WASHINGTON – Federal Reserve policymakers on Wednesday will give a clearer picture of where they expect short-term interest rates to be in the next few years.
The Fed's quarterly economic forecast will show where members of the policy committee expect the rate to be at the end of each of the next three years. And it will signal when each member expects the first rate hike will occur.
The change is intended to reassure consumers and investors that they will be able to borrow cheaply well into the future. And some economists said it could lead to further Fed action to try to invigorate the economy.
Many private economists expect the forecasts will show the Fed is unlikely to increase the rate before 2014. That would mark a shift from the Fed's plan to keep the rate low at least until mid-2013.
The Fed will offer the views of those officials at the conclusion of its two-day meeting. The forecast on interest rates will be released along with the Fed's updated projections for economic growth, unemployment and inflation.
Fed Chairman Ben Bernanke will discuss the forecasts and Fed policy at a news conference after the meeting.
The economy is looking a little better, according to a raft of recent private and government data. Companies are hiring more, the stock market is rising, factories are busy and more people are buying cars. Even the home market is showing slight gains after three dismal years
Still, the threat of a recession in Europe is likely to drag on the global economy. And another year of weak wage gains in the United States could force consumers to pull back on spending, which would slow growth.
Most economists don't expect the Fed to drastically alter their forecasts. Some expect a more positive outlook for unemployment after rate fell to 8.5 percent in December — the lowest rate in nearly three years.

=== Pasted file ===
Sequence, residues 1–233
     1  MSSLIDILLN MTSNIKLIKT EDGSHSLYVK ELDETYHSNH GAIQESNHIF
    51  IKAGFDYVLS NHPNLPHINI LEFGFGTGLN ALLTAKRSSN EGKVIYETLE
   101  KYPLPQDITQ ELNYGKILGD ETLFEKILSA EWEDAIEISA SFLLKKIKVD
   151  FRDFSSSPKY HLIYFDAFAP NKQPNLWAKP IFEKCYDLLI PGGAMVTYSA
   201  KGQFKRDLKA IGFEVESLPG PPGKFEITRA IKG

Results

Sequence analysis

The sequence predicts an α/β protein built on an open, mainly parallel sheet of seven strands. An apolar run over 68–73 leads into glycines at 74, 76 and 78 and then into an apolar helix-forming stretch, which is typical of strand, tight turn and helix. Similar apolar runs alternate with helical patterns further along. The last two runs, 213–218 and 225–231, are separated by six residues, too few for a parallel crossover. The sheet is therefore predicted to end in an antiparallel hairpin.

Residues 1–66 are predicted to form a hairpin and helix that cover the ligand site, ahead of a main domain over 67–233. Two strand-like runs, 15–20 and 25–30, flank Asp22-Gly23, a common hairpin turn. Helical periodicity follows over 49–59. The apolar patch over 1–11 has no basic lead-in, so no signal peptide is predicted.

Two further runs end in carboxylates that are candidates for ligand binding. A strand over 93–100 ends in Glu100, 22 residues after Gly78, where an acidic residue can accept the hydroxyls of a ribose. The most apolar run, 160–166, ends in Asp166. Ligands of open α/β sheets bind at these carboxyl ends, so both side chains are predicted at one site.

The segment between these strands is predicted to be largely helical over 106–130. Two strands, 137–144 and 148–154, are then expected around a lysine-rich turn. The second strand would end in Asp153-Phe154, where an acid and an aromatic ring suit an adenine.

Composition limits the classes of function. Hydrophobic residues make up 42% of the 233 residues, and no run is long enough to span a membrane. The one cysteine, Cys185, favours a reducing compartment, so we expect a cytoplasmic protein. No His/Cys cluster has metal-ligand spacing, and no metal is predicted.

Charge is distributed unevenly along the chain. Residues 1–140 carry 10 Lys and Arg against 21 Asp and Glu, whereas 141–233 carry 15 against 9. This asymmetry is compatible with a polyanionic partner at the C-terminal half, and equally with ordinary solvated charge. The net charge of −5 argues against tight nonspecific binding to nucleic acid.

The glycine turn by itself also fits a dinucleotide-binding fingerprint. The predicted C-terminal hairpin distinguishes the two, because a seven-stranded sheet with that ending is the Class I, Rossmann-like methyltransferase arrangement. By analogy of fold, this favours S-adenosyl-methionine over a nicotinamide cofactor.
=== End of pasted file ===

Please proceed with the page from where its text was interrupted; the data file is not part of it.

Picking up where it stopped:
The decision to share policymakers' views on interest rates is the Fed's latest effort to make its communications with the public more open and explicit.
Until last year, the Fed has been fairly cryptic about the future direction of interest rates. The rate has been a record low near zero since December 2008.
The Fed may also include a statement on its long-term goals, although most economists expect the Fed will delay its release until a later meeting. The statement could provide clarity on the Fed's targets for the two parts of its congressional mandate, keeping inflation and unemployment low.
No announcements are expected Wednesday of any further Fed action to try to lift the economy. Most analysts think Fed members want to put off any new steps, such as more bond purchases, to see if the economy can extend the gains it's made in recent months.
That's true even though the new roster of voting members is more likely to support further steps to boost the economy.
Twice last year, Fed action to try to further lower long-term rates drew three dissenting votes out of 10. But the three members who dissented have rotated off the voting panel. They have been replaced by officials thought to be more supportive of moves that Bernanke may push.
The Fed has taken previous steps to strengthen the economy, including purchases of $2 trillion in government bonds and mortgage-backed securities to try to cut long-term rates and ease borrowing costs.
The idea behind the Fed's two rounds of bond buying was to drive down rates to embolden consumers and businesses to borrow and spend more. Lower yields on bonds also encourage investors to shift money into stocks, which can boost wealth and spur more spending.
Some Fed officials have resisted further bond buying for fear it would raise the risk of high inflation later. And many doubt it would help much since Treasury yields are already near historic lows. But Bernanke and other members have left the door open to further action if they think the economy needs it.